Introduction for all River Users
Respect others, Respect Safety, Respect the environment
This Code of Conduct is for all users of the River Thames
Henley to Cookham can be a very busy stretch of river - keep alert at all times and proceed with caution
Look out especially for swimmers, canoes, anglers' lines, sailing boats, rowing craft of all sizes and children in inflatable craft (note that swimmers on this reach should swim on the left, ie against normal traffic)
Be aware: river water is often cold& unsafe
Know the rules of the river - Environment Agency advice and guidance can be found via link below
Anglers: be aware that other river users cannot see where your lines have been cast. If there is a risk that your lines will obstruct other river users or be cut then you should be prepared to reel in.
Fishing with long poles severely decreases room for boats to manoeuvre, especially when being overtaken themselves. Anglers should be prepared to bring poles in to avoid damage to their tackle or passing vessels.
Also see specific Codes for: Powered boat skippers,
Sailors, Rowers & Canoeists,
Keep alert at all times and look out for information and warning signs
PLEASE LEAVE THE RIVER BETTER THAN YOU FOUND IT!
Cookham Reach can be the busiest on the Thames, with 2 sailing clubs and many rowing boats & canoes often on the river keep alert at all times and proceed with caution.
Look out for swimmers, anglers, sailing boats, rowing craft of all sizes and children in inflatable craft. Remember we recommend swimmers swim towards other river traffic on our reach. Keep a good look out and be prepared to stop.
When approaching sailing dinghies, slow down to maintain minimum steerage speed and keep as close to the right hand bank as your draught will safely allow. Sailing Clubs in our reach have agreed to use passing motor boats as a false bank and dinghies, whether racing or not, should turn early.
The Rules of the River still require motor boats to give way to sail, so be prepared to stop to avoid a collision.
Longridge Boat Centre hosts many water sports - most involve teaching young people. Proceed with extreme caution in the vicinity of Longridge and be prepared to stop. Many of the youngsters may not be fully aware of the Rules of the River.
Rowing boats will generally need to overtake motor boats. The rule of the river is that an overtaking boat must remain clear, so keep as close to the right hand bank as your draught allows to give the rowers as much room as possible to overtake midstream.
Anglers may be fishing with long rods and lines cast a significant distance into the river. Give anglers plenty of room where it is safe to do so and avoid cutting corners on bends. At worst, picking up a fishing line in your propeller could disable your boat and at best it could damage your stern gear. Select your engine(s) to neutral if in any doubt that you may pick up a line.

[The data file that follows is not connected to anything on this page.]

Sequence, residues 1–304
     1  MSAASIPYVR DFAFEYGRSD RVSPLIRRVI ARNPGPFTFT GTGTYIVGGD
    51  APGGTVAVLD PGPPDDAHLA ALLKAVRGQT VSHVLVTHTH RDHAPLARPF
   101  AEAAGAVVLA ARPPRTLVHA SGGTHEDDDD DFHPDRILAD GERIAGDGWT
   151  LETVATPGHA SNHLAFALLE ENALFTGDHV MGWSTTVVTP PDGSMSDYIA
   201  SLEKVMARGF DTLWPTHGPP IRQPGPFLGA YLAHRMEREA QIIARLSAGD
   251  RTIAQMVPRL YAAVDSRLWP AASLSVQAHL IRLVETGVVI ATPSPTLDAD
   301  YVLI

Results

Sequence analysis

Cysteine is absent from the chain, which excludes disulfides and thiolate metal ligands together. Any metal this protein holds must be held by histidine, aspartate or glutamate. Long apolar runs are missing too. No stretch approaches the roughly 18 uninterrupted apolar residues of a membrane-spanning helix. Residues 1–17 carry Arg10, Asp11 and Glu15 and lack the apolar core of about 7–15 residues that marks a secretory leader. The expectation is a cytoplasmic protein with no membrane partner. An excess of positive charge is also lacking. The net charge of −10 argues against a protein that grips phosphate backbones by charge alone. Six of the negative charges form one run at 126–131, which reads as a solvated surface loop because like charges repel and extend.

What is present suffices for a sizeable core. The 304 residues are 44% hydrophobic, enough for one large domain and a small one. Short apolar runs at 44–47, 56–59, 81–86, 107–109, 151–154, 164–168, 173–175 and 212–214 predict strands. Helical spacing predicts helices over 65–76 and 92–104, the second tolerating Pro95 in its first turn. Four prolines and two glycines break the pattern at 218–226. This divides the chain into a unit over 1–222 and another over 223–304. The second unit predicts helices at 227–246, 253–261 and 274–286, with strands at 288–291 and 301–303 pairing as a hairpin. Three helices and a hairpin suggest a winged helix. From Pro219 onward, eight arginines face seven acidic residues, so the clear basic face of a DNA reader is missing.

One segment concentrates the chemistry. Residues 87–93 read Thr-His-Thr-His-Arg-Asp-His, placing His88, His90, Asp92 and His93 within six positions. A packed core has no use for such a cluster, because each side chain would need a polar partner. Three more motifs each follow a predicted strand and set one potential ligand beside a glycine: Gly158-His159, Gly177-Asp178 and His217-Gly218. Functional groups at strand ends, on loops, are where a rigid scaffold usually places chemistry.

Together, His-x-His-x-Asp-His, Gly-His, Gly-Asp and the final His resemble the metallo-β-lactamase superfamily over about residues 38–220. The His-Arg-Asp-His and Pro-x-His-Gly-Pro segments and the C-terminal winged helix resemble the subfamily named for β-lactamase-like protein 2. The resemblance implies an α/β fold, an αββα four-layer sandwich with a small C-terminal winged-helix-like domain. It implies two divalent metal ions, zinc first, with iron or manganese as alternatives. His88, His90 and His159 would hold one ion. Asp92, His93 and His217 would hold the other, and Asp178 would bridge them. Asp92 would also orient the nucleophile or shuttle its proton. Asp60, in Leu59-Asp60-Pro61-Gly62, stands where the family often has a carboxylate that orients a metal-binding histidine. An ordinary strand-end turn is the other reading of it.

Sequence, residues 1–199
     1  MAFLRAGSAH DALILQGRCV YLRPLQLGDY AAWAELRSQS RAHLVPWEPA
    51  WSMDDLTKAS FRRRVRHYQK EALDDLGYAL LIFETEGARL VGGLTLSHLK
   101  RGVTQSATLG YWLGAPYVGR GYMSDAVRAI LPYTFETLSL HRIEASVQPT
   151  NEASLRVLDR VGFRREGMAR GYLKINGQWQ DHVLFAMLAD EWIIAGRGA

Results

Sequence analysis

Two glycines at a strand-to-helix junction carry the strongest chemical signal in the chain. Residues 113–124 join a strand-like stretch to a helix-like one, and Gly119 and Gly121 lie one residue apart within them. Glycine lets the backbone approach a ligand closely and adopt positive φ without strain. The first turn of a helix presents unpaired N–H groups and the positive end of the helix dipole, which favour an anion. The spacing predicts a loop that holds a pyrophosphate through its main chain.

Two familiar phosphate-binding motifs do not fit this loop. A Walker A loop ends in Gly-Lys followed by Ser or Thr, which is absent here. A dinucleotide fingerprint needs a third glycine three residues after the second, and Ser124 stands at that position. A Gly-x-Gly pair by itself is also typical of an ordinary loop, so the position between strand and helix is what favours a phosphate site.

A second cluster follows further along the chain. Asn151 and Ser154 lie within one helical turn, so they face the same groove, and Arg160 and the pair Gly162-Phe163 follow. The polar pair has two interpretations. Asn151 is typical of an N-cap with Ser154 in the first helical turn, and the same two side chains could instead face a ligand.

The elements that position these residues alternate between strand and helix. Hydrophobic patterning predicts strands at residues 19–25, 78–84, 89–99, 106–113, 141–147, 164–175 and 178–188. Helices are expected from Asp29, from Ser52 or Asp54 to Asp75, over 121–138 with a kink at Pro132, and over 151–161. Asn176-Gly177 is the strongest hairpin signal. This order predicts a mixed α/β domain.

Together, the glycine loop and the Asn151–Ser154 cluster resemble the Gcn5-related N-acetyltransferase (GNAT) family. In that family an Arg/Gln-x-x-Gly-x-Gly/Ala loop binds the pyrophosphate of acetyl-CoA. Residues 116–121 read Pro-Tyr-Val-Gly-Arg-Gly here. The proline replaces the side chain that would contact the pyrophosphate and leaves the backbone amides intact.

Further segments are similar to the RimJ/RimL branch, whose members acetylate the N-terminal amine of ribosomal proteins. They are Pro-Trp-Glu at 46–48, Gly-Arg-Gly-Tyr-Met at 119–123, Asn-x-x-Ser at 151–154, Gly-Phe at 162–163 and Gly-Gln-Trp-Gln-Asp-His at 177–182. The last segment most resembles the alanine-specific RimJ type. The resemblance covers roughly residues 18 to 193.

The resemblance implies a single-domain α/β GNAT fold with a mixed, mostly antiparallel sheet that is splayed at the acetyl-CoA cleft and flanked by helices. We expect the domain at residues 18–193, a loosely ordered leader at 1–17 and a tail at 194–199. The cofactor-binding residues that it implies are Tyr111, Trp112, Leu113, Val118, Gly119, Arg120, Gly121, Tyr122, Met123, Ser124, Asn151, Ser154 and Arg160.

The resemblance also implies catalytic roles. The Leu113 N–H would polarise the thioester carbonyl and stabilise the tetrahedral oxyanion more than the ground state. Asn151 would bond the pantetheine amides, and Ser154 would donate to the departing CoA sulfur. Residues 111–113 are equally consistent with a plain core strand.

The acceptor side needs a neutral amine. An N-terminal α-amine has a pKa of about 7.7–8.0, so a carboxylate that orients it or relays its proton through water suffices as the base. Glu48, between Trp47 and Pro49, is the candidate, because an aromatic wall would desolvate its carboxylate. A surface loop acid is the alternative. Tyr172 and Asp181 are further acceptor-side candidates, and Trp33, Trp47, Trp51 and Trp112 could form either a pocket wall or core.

Be prepared to avoid canoeists, especially approaching sharp bends. When encountering open canoes ensure you are not generating any wash as these craft may be unstable.
When encountering bridges or restriction in the width of the river, motor vessel travelling upstream should give way to any vessel travelling downstream.
For SAILORS, ROWERS AND CANOEISTS
BE SAFE AND BE SEEN
Sailing dinghies should expect powered craft to motor slowly along the right hand bank. Sailors should use the power boats as a false bank and turn early to avoid the power boat having to take avoiding action.
The Rules of the River still require motor boats to give way to sail but all skippers are responsible for avoiding a collision so be prepared to emergency tack or hove to
Rowing boats should give way to sailing boats. Sailors should be aware that rowers are not facing their direction of travel and should be prepared to take avoiding action
Sailors should keep a good lookout for swimmers and take avoiding action if necessary
Rowers should keep to the right hand side of the riverunless overtaking when they should move out into the midstream until clear of the vessel being overtaken
Rowers should give way to sailing boatssince these vessels are at the mercy of the wind
In tight confines such as narrow bends or when approaching a bridge, rowing boats travelling upstream should give way to all vessels going downstream.
Coaching launches should only exceed the speed limit (8kph or 5mph) if displaying a coaching pennant issued by the EA and engaged in coaching. Travel from coaching one crew to another should be within the speed limit. Coaching should not be conducted in restricted areas of the river, in lock cuts or beside lock lay-bys as other boaters need room to manoeuvre in these areas.
Canoeist should keep to the right hand side of the river
In tight confines such as near a sharp bend or approaching a bridge, canoeists travelling upstream should give way to all vessels travelling downstream.
Canoeists overtaking other vessels should do so in midstream until clear of the overtaken vessel.
BE SAFE AND BE SEEN
Never swim unless you are fit and healthy
Children must be supervised at all times by an adult
Wear ahigh visibility swimming cap at all times
available from local Lockkeepers
Always bring a "swim-buddy"
a friend in a canoe or dinghy in front of you is best
Be aware: river water is often cold& unsafe for swimming
keep out of the river in dark or dangerous conditions
cover up cuts and avoid swallowing the water
Keep LEFT so boaters can see you more easily & look out
especially for rowing boats, they may not see you at all
Have a plan on how to get help in an emergency
Know where you can get ashore
beware steep banks and overhanging trees
It is dangerous to swim near marinas or boatyards
Swimming in or near locks & weirs is strictly prohibited
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Last Update : Sunday November 5th 2017 4:53:01 - By: Steve